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Resident Evil 5. The game with the name that caused as much controversy as it did excitement leading up to its release, the official 5th game in the franchise released earlier this year also caused fans to reassess their opinions of the franchise when the main forthcoming message from Capcom was that of 'Resident Evil with co-op'.

A few months on and with the controversy and shock having died down, a review of Resident Evil 5 (hereafter RE5) can be done with attention being paid to what should have always been the centre of attention itself; the game.
Graphically on a HDTV RE5 looks amazing, no doubt it. You can really see where some of the time of the last 4 years it has been since the last main game in the series was released have gone. Certainly one of the prettiest games of this generation, everything from the look of the characters to the locations are high in details and bring the game to life. The facial detail of the characters in particular is impressive, looks great and the cut scene direction (courtesy of Jim Sonzero) gives this game the feel of a Hollywood action movie (and a decent one at that). This game will certainly stand the test of time graphics-wise and will still be looking good in 5 years time.

Enough gushing about the graphics; let's move onto the gameplay. Staying true to the system created in Resident Evil 4, RE5 has you move around the environments in a 3rd-person perspective with the camera moving into an over-the-shoulder view when it comes to aiming. The audience appears to be divided over whether not being able to move whilst shooting is good or bad for the game in today's market with loyalists saying it stays true to the game's origins whilst newer gamers seem to feel the idea is out-of-date. Concerning RE5 the choice the developers made feels right and fits the game well. The feeling of having to pick the right spot, shoot, then move out of harms way feels much more tense and exciting than running and gunning through multiple enemies.

It is often said that RE5 doesn't have the traditional feel of horror that its older brothers do but it doesn't pretend to either. The gameplay has evolved and with that the game focuses less on fear and more on situations of panic (which it does a good job of establishing that mood in the opening chapter.) The game also has its fair share of QTEs (as seems to be the staple of action games nowadays) which punish you if you get them incorrect and reward you if done successfully as well as the probably the most significant update to the system, the inclusion of cooperative play.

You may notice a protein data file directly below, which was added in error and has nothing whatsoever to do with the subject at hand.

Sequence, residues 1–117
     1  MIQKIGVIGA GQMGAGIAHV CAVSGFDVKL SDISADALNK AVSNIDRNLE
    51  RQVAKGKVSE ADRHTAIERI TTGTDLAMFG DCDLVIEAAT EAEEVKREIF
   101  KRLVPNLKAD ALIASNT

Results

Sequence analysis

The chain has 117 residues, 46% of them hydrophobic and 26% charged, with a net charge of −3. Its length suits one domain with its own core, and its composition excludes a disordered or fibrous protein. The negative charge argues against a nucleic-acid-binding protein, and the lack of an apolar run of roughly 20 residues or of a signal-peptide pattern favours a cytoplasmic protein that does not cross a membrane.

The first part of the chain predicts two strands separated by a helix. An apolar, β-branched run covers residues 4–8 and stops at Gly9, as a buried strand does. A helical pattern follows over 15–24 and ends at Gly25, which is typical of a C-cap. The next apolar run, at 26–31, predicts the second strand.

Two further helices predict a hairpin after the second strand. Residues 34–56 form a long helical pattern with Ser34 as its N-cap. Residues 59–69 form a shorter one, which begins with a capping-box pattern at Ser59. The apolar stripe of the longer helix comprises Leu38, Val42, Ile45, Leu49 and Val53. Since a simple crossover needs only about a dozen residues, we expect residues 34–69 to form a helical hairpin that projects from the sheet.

Again when Capcom made the public aware that they were going to make this a major feature of RE5 people were up in arms, saying that they preferred the solo-based gameplay of its predecessors. People should remember that although the game is (to be honest) best played with a friend it can still be perfectly played through just fine in one player too. Granted, there are occasional irritable situations where your partner (Sheva Alomar) will either stand around to be mauled by the enemy, give you loads of ineffective ammo or heal you with health sprays and herbs when you have a mere scratch on you. However, most of the time she's really useful, will assist you accordingly much more than she will prohibit you from progressing through the game. As previously mentioned the game is best enjoyed playing co-op with a friend but certainly caters plenty for the individual player too.

Add to this he bonuses you get for completing the game (including the great Mercenaries mode, something that could be game in its own right), alternate costumes and a decent online facility for co-op play and you have a very decent update for the newest installment in the Resident Evil franchise. Good to play alone of with a friend, give it a go and lose yourself in the world of RE as you may find despite all the backlash you might just enjoy it as this comes highly recommended.

1 comment:

bboykrillin said...

Nice work Paddy, i'd change a couple of things here and there (you use franchise twice in one sentence at the start), and like i've already said include some preview pics on some of the things you talk about, characters, locations, gameplay or even production/promotional artwork, anything to give all the text a breather and give the public something visual to see.